Samples (10 μl) were separated by a SeaQuant ZIC-pHILIC 4.6 × 150 mm column (Merck) at a flow rate of 0.300 ml/min mobile phase. A gradient from 80% acetonitrile/20% 10 mM ammonium carbonate to 5% Acetonitrile/95% ammonium carbonate over 15 min was used to elute compounds. A 2 min hold at 5% acetonitrile was used to wash the column. The solvents were returned to initial conditions and held for 7 min for column re-equilibration. A QExactive (Thermo Scientific) was used to detect ions using a HESI-II interface. A source temperature of 150 °C and capillary temperature of 320 °C was used. Sheath gas, auxiliary gas and sweep gas flow rates of 40, 5 and 1 L/min were used. Polarity switching mode was used for detection. The spray voltage was 3.8 kV in either polarity. Full scan MS spectra were acquired for the range 70–1050 m/z with a resolution of 70000 (at 400 m/z). A maximum of 5 ions selected from the precursor ion list were selected for MS/MS and were isolated using a 2 m/z window and activated with HCD at 60.0 NCE. Fragment ion spectra were acquired using a resolution of 35000 (at m/z 400). Fragment ion spectra were searched against online public databases, Massbank (http://www.massbank.jp/), mzCloud (https://mzcloud.org/) and Metlin (http://metlin.scripps.edu) and in silico fragmentation using MetFrag (http://msbi.ipb-halle.de/MetFrag/) searched against Kegg database. When no compounds were found from Kegg then PubChem and Chemspider was used as an alternative. All databases were searched using 20 ppm mass window for the fragmentation data.
Metabolites identified in the LC-MS analysis were filtered to identify those that differed statistically (t-test p ≤ 0.05) in level between wild-type and mutant animals in the forebrain (region B) and central region (region A) (Supplementary Tables S2, S3). The analyses were performed using two-tailed t-tests and normality assumptions for this test were satisfied. The selected metabolites that had elements within their MS/MS spectra that were consistent with molecular assignments made in the initial LC-MS analysis were analysed using ANOVA models to test the type (wild-type or HPRT KO) by area (regions A or B) interaction. This determined whether there was a significant difference (p ≤ 0.05) in the type effect between the brain areas. Where the type interaction was non-significant then the average of the region A and B brain areas was compared between the wild-type and mutant groups using a two-tailed t-test (Supplementary Table S8). Comparing the average level of validated standard compounds in wild-type and HPRT KO brains indicated there were increased levels of UMP, CMP, cAMP and glucose-6-phosphate in the brains of HPRT KO animals.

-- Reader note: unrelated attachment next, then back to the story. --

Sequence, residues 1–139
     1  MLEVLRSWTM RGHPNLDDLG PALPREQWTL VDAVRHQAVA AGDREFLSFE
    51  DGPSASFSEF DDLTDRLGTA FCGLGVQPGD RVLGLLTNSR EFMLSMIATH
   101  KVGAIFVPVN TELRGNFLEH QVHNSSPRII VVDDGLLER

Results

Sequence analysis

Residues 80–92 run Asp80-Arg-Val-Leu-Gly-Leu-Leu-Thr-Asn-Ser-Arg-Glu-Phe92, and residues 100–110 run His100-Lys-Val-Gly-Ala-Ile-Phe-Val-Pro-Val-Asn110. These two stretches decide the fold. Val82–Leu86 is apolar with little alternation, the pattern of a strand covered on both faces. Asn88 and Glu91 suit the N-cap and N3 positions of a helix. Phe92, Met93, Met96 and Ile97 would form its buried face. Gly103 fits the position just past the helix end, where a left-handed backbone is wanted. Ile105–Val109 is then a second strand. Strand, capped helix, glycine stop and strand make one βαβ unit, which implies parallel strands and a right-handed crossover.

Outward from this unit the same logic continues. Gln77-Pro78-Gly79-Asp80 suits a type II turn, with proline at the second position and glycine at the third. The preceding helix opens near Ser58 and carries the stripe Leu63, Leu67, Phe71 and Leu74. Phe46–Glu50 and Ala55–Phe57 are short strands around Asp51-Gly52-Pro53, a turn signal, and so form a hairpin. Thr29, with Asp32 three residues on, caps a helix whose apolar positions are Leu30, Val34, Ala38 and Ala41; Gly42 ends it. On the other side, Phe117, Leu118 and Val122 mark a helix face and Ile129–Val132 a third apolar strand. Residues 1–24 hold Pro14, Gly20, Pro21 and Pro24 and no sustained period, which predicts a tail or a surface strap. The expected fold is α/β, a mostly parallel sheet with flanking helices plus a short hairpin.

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We thank Mrs Ailsa Travers, and Mr William Mungall for their excellent technical support at the Biomedical Research Resources at the University of Edinburgh; Dr Karl Burgess at Glasgow Polyomics for advice; Mrs Yvonne Crawford at Easter Bush Pathology; Professor Austin Smith and Dr Kathryn Blair for providing the DAK31 cell line; Dr Michael Clinton for his editorial input; and Professor David Hume for encouraging discussions. This work was supported by funding from the Biotechnology and Biological Sciences Research Council Institute Strategic Programme Grants BB/J004316/1, BB/J004332/1: BBSRC Response mode grant BB/H012478/1, and European Community’s Seventh Framework Programme (FP7/2007-2013) under grant agreement No. HEALTH-F4-2010-241504 (EURATRANS).
The authors declare no competing financial interests.
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Meek, S., Thomson, A., Sutherland, L. et al. Reduced levels of dopamine and altered metabolism in brains of HPRT knock-out rats: a new rodent model of Lesch-Nyhan Disease. Sci Rep 6, 25592 (2016). https://doi.org/10.1038/srep25592